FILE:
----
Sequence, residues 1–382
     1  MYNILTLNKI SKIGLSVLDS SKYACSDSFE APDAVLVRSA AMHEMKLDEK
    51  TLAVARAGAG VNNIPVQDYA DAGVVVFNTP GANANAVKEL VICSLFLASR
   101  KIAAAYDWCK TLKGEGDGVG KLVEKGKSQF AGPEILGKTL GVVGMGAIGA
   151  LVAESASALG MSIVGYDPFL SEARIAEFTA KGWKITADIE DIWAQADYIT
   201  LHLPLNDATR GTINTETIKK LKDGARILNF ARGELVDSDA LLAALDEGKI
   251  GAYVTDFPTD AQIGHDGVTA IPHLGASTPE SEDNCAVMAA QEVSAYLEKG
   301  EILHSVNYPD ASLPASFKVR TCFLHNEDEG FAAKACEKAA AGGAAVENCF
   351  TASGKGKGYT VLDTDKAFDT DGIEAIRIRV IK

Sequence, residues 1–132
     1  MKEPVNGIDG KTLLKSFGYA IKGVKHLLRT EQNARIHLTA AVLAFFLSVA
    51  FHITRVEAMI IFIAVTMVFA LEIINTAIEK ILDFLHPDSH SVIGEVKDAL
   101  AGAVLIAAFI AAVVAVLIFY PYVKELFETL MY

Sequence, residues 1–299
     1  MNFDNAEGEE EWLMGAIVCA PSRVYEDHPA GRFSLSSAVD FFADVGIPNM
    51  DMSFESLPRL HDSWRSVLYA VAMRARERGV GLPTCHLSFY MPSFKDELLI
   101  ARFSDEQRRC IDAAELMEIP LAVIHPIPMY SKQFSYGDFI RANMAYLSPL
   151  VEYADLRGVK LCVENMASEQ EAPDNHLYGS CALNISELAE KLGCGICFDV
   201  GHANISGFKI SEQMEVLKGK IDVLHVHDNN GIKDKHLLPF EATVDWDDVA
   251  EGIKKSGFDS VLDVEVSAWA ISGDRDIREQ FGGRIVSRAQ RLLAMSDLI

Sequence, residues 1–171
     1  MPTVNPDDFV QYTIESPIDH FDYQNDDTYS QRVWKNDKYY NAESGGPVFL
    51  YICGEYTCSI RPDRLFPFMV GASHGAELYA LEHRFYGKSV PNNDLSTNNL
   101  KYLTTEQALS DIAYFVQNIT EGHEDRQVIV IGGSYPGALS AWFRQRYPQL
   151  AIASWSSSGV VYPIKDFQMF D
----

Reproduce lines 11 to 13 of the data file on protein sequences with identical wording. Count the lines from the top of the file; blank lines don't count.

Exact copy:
     1  MKEPVNGIDG KTLLKSFGYA IKGVKHLLRT EQNARIHLTA AVLAFFLSVA
    51  FHITRVEAMI IFIAVTMVFA LEIINTAIEK ILDFLHPDSH SVIGEVKDAL
   101  AGAVLIAAFI AAVVAVLIFY PYVKELFETL MY